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Louisiana lawmaker would make fentanyl criminal penalties on par with murder

A Louisiana lawmaker filed a bill Monday that would raise the criminal penalties for distributing fentanyl to the equivalent of murder.

Republican Crowley state Rep. John Stefanski said he believes the penalty - life in prison at hard labor without parole or probation - would be the most severe in the nation.

"It’s time that the consequences for creating and distributing fentanyl matches the violent damage it causes,” Stefanski said in a statement. "The fentanyl crisis Louisiana is fighting knows no zip code, it knows no social class, gender or age. This toxic poison is stealing the lives of thousands of innocent Louisianans."

Stefanski is also running for Louisiana Attorney General.

Stefanski's measure, House Bill 90, would make the life without parole penalty effective for anyone convicted of possessing more than 28 grams, or one ounce. The penalties for possession of less than 28 grams would remain five to 40 years in prison with up to a $50,000 fine.

"I consulted with sheriffs and (district attorneys) for the amount that would trigger the severest of penalties," Stefanski told USA Today Network. "It's extreme, but it's my hope that this will run it our of the state in the same way the same penalty for heroin did. That had a chilling effect on drug dealers who just stopped handling (heroin)."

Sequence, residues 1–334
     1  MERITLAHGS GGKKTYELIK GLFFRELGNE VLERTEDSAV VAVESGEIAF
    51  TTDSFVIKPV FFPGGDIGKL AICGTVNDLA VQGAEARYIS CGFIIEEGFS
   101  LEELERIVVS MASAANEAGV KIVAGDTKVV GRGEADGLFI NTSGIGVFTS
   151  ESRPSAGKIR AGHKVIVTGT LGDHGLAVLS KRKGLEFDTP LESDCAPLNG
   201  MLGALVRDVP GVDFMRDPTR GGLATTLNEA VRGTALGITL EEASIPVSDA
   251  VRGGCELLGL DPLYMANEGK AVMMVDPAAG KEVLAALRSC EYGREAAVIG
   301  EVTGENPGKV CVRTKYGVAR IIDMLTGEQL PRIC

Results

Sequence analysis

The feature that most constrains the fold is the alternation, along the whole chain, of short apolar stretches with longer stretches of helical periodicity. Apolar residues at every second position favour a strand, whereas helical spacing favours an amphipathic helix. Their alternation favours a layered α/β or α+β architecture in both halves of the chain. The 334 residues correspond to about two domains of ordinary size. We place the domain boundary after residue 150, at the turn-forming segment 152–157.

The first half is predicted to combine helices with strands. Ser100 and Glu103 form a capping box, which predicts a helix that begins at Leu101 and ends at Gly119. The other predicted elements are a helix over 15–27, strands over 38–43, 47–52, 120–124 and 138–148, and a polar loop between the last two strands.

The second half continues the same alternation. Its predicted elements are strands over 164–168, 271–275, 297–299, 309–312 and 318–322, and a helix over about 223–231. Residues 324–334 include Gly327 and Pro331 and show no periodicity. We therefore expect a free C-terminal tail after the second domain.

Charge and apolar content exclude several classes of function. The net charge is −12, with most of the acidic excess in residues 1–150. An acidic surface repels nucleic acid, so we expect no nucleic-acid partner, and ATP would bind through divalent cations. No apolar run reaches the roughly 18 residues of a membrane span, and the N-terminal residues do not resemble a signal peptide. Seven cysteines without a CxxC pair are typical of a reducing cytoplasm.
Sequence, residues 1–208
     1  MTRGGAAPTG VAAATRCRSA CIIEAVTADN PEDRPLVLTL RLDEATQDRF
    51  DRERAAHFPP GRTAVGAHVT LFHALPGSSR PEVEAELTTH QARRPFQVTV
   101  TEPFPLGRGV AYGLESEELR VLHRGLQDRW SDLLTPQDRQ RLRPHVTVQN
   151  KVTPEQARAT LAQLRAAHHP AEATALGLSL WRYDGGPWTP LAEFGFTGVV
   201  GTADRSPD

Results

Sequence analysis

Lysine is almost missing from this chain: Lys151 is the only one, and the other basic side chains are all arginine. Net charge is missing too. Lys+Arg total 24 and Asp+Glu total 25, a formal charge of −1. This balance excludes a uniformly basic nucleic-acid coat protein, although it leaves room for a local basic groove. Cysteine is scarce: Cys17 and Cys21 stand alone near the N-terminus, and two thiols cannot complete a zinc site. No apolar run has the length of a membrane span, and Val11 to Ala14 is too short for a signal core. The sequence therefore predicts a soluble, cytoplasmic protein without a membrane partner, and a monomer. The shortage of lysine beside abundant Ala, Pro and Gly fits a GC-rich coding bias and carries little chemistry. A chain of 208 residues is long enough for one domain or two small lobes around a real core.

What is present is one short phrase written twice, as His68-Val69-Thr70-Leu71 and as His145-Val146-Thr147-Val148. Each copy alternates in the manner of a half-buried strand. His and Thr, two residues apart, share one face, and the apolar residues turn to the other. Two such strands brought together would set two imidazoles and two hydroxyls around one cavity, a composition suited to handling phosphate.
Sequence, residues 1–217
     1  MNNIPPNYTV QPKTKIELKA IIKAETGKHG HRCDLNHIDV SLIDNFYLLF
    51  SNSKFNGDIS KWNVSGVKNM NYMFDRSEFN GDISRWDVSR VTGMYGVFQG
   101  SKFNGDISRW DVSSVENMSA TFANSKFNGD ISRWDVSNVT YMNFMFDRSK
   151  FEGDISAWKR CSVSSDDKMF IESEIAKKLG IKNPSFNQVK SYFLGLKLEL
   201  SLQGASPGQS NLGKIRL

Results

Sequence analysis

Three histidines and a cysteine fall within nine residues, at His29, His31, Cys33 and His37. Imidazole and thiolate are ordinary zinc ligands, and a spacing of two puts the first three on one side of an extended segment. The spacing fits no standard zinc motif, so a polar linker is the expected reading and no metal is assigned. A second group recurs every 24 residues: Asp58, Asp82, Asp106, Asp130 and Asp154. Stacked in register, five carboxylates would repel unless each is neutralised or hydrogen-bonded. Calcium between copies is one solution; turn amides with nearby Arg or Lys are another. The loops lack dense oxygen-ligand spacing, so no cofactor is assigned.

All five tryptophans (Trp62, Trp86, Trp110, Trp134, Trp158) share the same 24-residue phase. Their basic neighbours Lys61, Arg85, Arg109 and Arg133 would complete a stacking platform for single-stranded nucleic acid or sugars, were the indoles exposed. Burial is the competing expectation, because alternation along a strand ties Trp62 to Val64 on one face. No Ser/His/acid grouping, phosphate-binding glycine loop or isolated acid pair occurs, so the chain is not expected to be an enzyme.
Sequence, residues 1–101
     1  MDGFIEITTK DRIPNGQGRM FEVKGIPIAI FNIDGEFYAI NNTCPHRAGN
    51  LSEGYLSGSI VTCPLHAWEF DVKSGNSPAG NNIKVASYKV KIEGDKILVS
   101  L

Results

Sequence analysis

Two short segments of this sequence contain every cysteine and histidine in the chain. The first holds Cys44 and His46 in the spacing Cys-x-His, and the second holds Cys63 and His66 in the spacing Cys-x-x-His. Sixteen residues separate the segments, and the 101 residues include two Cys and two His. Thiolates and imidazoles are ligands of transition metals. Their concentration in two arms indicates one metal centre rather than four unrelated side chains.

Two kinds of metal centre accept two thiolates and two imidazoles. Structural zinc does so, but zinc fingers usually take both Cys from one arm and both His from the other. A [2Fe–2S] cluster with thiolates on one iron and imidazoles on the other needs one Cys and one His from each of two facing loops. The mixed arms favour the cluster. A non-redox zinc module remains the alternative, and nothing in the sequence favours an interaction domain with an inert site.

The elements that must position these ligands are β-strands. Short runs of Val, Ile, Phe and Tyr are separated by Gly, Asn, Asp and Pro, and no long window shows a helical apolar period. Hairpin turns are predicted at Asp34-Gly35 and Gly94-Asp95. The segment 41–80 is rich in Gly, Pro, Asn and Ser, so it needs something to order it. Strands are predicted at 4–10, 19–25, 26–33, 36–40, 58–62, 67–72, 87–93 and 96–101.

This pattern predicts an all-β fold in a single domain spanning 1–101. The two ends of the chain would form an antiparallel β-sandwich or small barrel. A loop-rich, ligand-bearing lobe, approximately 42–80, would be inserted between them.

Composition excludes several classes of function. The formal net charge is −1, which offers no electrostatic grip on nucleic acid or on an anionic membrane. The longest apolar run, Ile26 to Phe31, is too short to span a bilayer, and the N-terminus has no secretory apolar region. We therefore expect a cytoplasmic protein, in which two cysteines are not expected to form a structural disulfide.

According to the Louisiana Department of Health, Louisiana fentanyl drug-related deaths increased from fewer than 200 statewide in 2017 to nearly 1,000 in 2021, the most recent stats available.

“With this legislation – we are sending a message loud and clear to drug traffickers that the state of Louisiana will have a zero-tolerance policy concerning fentanyl," Stefanski said. "The penalty for possession or distribution of fentanyl 28 grams or more will now be equivalent to that of a violent crime like homicide: life in prison.”

In a December press release, the Louisiana Department of Health said there has been "an alarming increase across the United States in the availability of fake prescription pills containing fentanyl, a powerful opioid that has proven more lethal than other forms of narcotics. International and domestic criminal drug networks are mass producing fake pills and falsely marketing them as legitimate prescription pills, which has resulted in tragic fatal overdoses. The counterfeit pills are easy to purchase, widely available and often contain deadly amounts of fentanyl."


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